Mr. Rollins agreed to design free of charge an online sweepstakes where winners will receive a free copy of the guide, a résumé overhaul and a month of career coaching. He figured the start-up experience might lead to a paid gig there or elsewhere.

Mr. Rollins has provided 60 hours of free labor so far. The sweepstakes, launched May 13, proved immediately popular, according to Mr. Peterson. To make sure pro bono work opens doors for Mr. Rollins, Mr. Peterson serves as a job reference. "It is the least I can do," he notes

Sunday, June 7, 2009

Patience in the Dental Job Market

I have been speaking with a lot of doctors lately who are becoming more impatient and frustrated with the current availability of jobs in their particular geographies.  My advice to these dentists is to be patient if you can afford to be otherwise it is time to look at opportunities that they may feel are not "ideal."  As a whole, dentistry is short on doctors.  The ADA  states that we are retiring more dentist than are graduating dental school.  

Think outside the box.  Talk to everybody you can.  Even if someone cannot help you find a position in the exact location or practice type, they may be able to give you insight that will help.  Talk to other doctors, the dental societies, suppliers, dental recruiters, classmates, faculty, etc.  We are here to help, and advice is usually free.  Never pay someone to find you a job.  You pay brokers or transition companies to find practice buy-in/buy-out opportunities, but not associate positions.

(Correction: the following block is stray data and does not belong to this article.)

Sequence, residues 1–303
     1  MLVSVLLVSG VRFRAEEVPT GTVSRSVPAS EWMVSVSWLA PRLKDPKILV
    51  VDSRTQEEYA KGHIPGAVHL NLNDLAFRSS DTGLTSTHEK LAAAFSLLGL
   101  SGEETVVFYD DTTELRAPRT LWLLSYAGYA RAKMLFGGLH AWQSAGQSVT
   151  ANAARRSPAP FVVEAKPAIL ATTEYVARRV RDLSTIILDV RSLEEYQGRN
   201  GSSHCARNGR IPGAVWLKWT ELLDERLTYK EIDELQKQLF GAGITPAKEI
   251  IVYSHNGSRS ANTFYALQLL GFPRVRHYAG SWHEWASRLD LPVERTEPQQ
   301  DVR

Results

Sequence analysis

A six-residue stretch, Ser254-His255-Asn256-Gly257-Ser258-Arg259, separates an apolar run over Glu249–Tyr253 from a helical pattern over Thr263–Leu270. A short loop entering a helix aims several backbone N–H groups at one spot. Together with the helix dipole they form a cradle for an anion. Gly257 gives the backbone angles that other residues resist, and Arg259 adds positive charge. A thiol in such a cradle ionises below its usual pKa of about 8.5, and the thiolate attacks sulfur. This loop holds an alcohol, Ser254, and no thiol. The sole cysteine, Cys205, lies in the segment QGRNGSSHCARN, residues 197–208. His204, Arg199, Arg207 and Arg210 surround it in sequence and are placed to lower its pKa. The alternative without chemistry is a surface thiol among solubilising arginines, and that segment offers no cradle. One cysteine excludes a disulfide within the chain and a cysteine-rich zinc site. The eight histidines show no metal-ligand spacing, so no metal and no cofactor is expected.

Options for job seekers when the going is tough:

  1. Part-time positions in multiple offices
  2. Locums tenens work. Be willing to travel and stay overnight in different areas in the state.
  3. Teach
  4. Community/public health clinics
  5. Federal Dental careers. Typically federal clinics only required that you have a license, not necessarily a license for the particular state.
  6. Volunteering in local clinics or public dental events.  These things help you keep up with your skills, and provide great networking opportunities.

Dental schools and residencies are letting out thousands of new dentists into the market right now.  Keep your options open. Competition for jobs is high, and you need to set yourself apart from the rest of the pack.

Carl Guthrie is a Account Executive for ETS Dental.  ETS Dental is an excutive recruiting firm specializing in finding and placing dentists, dental specialists, and dental staff across the United States.

Connect with Carl Guthrie at:

Wednesday, May 27, 2009

Dental Economics-Dental News - What a great time to be a dentist!

Original article found at: Dental Economics-Dental News - What a great time to be a dentist!

First, the demand for dental care has never been higher. Our aging population's dental needs will continue to grow. Simultaneously, the number of experienced, quality practitioners continues to decline, even as the total number of dentists increases. In fact, many doctors who have been pondering the decision to retire will take this opportunity to discontinue the expense of running a marginal practice. Others will limp along hoping to recover lost savings by extending the life of an obsolete practice, while refusing to invest in what they hope will be a relatively short extension of their career in dentistry.